We all know that Atlanta is awesome, especially our artists, musicians, and writers. We live in a big city that is a small town for us creative folk. It’s part of our job to find and make connections as a part of this creative niche that fascinates us all. This community aspect of Atlanta is something that has appeal and a bit of wonder. To those that watch us creative folk there is a constant buzz and excitement about what will happen next. But what will happen next to our buzzing city?
As a local artist and broke student, there is always this desire to see something new. Whenever I stay in Atlanta too long I feel an urgency in the arts to see more about how we’re all connected. I was on a mission of revival with Georgia State University’s Printmaking Department. Where else would I venture but New Orleans?
The Southern Graphics Council International (SGCinternational.org/) was also hosting their annual conference there, stay focused. The SGC International was founded in the 1970’s, at a time when university and college printmaking programs were small, neglected and generally disconnected from the rest of the printmaking field. Today the SGC has an annual conference that offers students exposure to graduate and undergraduate programs, art and prints form all over the U.S.A., mentorship programs, portfolio exchanges, discussion panels, projects, demonstrations and I can keep going. Overall, it’s a chance to network, see new methods of printmaking and realize that art is a large spectrum connected by varying mediums.
The moment I got to New Orleans, I could sense that the city was sizzling with the all mighty creative forces. There were kids out on the street playing jazz and dancing to make their after school buck. There were street vending artists actually selling their art and making money. One artist I talked to in particular said something along the lines of “I’ve been selling so much on the street that I had to take down my Etsy account because I can’t keep up with the volume and inventory”.
Like I said earlier, I’m staying focused. Back at the SGC I finally got to meet my mentor, which was an option while registering. We e-emailed back and forth before the SGC to decide what we would talk about. I had prepared a list of “artistic dilemma’s” like; art is a business, graduate schools, artist block (you get the drift). However, by the time I sat down to talk to my mentor, I realized I had already answered my own “artistic dilemma’s” because I was outside of my element, scheduling and what is predictable in my life here in Atlanta.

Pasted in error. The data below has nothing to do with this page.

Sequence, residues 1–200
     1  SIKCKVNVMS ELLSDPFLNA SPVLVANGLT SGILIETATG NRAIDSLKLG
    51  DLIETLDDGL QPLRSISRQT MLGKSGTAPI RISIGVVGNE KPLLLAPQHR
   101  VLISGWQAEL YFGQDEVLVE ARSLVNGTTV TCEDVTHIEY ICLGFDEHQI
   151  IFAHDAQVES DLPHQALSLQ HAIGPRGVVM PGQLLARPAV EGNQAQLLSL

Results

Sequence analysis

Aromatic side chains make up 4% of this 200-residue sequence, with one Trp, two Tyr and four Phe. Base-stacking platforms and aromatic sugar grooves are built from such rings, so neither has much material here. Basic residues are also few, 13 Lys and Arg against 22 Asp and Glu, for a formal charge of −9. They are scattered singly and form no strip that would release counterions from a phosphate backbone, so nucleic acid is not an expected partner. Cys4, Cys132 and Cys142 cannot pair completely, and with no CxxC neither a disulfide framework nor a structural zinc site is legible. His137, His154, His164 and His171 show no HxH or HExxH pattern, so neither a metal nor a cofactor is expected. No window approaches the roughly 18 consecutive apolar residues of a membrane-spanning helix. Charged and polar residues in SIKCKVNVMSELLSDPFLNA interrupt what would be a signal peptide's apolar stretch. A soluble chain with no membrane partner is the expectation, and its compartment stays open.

When you get to college, they want you to pick a major and that is what you do and to an extent who you are (especially if you’re of the artist kind). For all you artistic people out there, why would you ever stick to one medium? I found myself submerged in this “artistic dilemma” because of academic curriculum and personal preferences, meaning I had become solely a printmaker. My mentor and I discussed how vital this concept is to an artist of any medium, not to get stuck in what they do; drawing, painting, writing, music, ect. Keeping up with your interests should include a “well circulated pallet”, or a medley of influences and mediums. This is how we are all connected, is through areas that merge us together.
So, Dear Reader, what other mediums are you fluent in? Now say it five times fast.
Tulane University, local’s and travelers hosted a knight of prints with varying mediums,paint-guns, screen printing demonstrations, to 6 foot block prints. This was an adventurous evening because a wondering group of artist and myself were stranded by the scheduled bus. We all ended up herding our way back to the French Quarter through a labyrinth of neighborhoods.
One of GSU’s printmaking students, Hannah, who was observing one of the many shows on display during the SGC.
Snap shot of a statue I found while wondering around. Not quite sure where I was, but very certain that greatness was in front of me.
Some front yard voodoo I spotted on the Island of Algiers, which is an easy 15 minute ferry ride from NO. Relaxing escape from the commotion of the SGC.